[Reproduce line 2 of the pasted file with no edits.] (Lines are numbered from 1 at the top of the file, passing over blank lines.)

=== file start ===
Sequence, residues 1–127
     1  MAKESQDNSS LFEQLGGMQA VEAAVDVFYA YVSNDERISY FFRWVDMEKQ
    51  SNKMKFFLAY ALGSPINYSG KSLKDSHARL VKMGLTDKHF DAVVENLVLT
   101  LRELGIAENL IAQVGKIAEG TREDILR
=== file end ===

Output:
     1  MAKESQDNSS LFEQLGGMQA VEAAVDVFYA YVSNDERISY FFRWVDMEKQ